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Dungeon Siege

Developer: Gas Powered Games | Publisher: Microsoft Game Studios
Players: 1+ Player Game | Release Date: 03/31/02 | Genre: Action/RPG

Once in a very long time through the proper alignment of stars and peaking biorhythms, I manage to get lucky, and this time I got lucky in a big way. No, I'm not trying to gloat but make you understand how rarely some good fortune comes my way. If you play PC games, then you have probably heard about Dungeon Siege (due to hit shelves April 5th); somehow I managed to win an advance copy. After spending the weekend throwing back krug scouts and keeping Flare the packmule out of harm's way, here's a bit of what you can expect to enjoy in a few short days.

Gas Powered Games has put together an amazing, lush world to explore right from the get-go. You begin as a humble farmer working in your furrowed fields then venture forth on your quest to become a hero. When that first krug comes running at you with a flaming torch, you are torn between marveling at way the flame flickers, grabbing a bucket of water from the working watermill nearby, and ripping it a new smile with your trusty knife -- the knife wins every time. Trees sway in the breeze, fish swim in streams and small pools, krug explode out of hiding spots in the dense undergrowth, and brilliantly-colored spells erupt from the hands of your party and the enemy. Luckily, you are not locked into one camera position but able to rotate in any direction (except underfoot) and zoom in to view your character's clenched jaw and out to take in a sweeping view of all the action. All of that is just within the first few minutes of play.

While most RPGs adopt the overhead camera view, Dungeon Siege allows you to customize your angle on the fly. It's true that the camera is a bit disorienting at first, but it can be quickly tamed in most situations. Yes, I did say most, because there are still a few times that you can be temporarily blinded by an overhead object when entering a structure or moving from room to room in a dungeon. You quickly learn to either sweep the mouse to the left or right corner of the screen to rotate your view or use the left-right arrow keys. Most of the time the game will correct itself by aligning overhead to insure an uninterrupted view. If there is one weak point in the game, it has to be the camera system; most 3rd perspective games suffer from similar problems. After a bit of time spent with the game, you begin to forget about the camera and change your view automatically for the best angle on the action. I'm totally amazed with the amount of leeway that you have with the camera; it's a simple feat to retreat from battle and rotate the camera to keep track of your pursuit. You can also pull in for a tight shot of just your characters for amazing, action screenshots. With the game paused, the camera still rotates normally, which creates some phenomenal shots of spell blasts or arrows in mid-flight.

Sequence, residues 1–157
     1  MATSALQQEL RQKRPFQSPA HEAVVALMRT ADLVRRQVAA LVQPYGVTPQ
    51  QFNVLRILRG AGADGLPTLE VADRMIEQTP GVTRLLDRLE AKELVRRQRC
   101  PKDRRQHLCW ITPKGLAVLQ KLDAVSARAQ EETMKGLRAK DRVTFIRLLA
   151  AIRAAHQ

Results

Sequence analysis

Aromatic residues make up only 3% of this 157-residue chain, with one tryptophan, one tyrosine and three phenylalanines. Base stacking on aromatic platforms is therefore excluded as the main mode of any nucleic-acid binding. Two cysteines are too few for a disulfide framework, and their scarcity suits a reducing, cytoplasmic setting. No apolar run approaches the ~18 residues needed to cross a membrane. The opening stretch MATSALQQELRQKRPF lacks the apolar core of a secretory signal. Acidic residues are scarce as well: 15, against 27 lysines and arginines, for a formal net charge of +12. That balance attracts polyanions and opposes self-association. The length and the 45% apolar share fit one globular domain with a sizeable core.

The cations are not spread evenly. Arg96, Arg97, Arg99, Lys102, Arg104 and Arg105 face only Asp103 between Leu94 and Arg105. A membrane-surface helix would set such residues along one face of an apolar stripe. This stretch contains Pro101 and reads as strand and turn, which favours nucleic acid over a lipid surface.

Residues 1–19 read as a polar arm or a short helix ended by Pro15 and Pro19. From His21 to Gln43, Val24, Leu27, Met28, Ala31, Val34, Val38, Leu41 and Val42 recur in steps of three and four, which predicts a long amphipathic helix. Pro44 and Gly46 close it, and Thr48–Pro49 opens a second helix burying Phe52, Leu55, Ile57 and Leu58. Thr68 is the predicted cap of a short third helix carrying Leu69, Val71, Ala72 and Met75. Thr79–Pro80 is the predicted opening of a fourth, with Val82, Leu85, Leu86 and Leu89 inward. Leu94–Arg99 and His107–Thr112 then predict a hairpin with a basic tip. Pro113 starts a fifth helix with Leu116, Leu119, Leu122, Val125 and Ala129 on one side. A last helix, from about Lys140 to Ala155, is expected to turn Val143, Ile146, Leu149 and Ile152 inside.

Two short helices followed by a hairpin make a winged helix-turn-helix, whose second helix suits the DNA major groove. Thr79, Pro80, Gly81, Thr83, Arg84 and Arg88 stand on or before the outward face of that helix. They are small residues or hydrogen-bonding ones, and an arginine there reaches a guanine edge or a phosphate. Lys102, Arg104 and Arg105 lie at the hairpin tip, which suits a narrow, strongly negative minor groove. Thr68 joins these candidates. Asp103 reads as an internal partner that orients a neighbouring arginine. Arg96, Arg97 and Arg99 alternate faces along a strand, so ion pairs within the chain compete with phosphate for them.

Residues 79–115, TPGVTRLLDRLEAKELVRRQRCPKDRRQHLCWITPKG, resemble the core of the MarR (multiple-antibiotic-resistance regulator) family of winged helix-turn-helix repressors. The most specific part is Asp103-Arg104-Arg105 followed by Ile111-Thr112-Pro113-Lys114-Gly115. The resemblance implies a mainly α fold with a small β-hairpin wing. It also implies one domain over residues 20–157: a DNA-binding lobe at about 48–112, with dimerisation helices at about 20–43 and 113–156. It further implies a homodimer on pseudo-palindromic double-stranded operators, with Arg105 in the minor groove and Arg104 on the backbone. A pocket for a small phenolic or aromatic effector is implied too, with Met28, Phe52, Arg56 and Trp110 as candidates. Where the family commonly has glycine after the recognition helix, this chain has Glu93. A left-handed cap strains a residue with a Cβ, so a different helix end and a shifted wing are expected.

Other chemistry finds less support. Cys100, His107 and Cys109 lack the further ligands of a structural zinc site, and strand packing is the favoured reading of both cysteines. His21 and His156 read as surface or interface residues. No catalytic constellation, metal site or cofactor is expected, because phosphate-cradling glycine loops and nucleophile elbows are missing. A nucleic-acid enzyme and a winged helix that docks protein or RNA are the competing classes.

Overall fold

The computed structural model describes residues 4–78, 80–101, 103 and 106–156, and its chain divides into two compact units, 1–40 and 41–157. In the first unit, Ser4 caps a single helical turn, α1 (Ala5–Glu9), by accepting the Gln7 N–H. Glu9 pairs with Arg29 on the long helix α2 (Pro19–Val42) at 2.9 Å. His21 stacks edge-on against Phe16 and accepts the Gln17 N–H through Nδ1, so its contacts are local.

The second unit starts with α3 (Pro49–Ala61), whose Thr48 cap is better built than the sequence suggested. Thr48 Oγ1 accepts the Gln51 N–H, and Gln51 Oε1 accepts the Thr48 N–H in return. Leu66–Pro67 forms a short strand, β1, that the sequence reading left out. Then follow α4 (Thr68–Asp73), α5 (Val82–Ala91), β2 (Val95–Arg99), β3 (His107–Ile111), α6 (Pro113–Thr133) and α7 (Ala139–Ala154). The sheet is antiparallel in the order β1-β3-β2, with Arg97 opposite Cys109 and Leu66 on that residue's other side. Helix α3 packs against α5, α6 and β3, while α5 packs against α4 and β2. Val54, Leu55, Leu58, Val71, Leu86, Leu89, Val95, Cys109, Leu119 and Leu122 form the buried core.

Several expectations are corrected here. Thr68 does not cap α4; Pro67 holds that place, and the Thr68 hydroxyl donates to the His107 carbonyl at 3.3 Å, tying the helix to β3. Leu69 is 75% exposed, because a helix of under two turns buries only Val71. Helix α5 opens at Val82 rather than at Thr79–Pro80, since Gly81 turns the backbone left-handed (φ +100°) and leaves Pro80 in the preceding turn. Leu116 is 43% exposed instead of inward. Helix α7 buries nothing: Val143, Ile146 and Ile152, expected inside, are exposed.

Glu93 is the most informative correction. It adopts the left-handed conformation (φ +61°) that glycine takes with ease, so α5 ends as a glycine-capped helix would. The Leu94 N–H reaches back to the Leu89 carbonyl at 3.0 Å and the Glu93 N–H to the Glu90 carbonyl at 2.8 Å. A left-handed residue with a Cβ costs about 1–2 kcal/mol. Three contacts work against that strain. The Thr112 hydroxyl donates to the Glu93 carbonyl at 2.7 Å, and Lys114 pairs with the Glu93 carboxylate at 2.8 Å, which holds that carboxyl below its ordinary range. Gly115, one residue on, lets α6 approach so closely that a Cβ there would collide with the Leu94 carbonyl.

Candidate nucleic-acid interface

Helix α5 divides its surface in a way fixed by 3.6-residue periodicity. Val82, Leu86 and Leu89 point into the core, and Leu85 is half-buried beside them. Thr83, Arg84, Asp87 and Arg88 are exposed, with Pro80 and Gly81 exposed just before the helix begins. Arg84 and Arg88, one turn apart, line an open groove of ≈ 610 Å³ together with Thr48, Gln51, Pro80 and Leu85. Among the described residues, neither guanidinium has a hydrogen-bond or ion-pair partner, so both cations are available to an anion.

Character progress revolves around improving skills through use, which also improves its related stat. Using a hand weapon (sword, mace, axe, etc.) will also improve your strength; bows raise your dexterity; and spells, both combat and nature, increase your intelligence. I don't have any hard proof yet, but it also seems that dexterity and strength might be interrelated. A few times I've seen my strength go up while using a bow or dexterity go up while using a melee weapon. Once you get into the game, better armaments and armours have certain stat requirements. At first bows only require a certain amount of dexterity, but I've already found one that has both a strength and dexterity requirement. Players focusing on spellcraft seem to be able to get away with focusing on their intelligence, as mage robes and staves have that stat prerequisite. It turns out to be fairly simple to change your mind on the direction your character is taking as you go. My main character started out primarily as a fighter/archer combination, but I've recently been adding in a bit of magic to balance him out. In normal situations, he sticks with spells, but when the packmule dung hits the fan, he shelves his spells and draws steel. Whether or not specializing in one field will prove to make a better character is a debate for another day.

So far the game is proving to be everything that it was hyped to be and more. Keep an eye out to CV-Games for further reviews on the game in the near future. In the mean time, I'm off to where a good number of players will be journeying to in the weeks and months to come: Dungeon Siege!

By Greg Meadors - 04/04/02
ESRB Details: Blood and Gore, Violence

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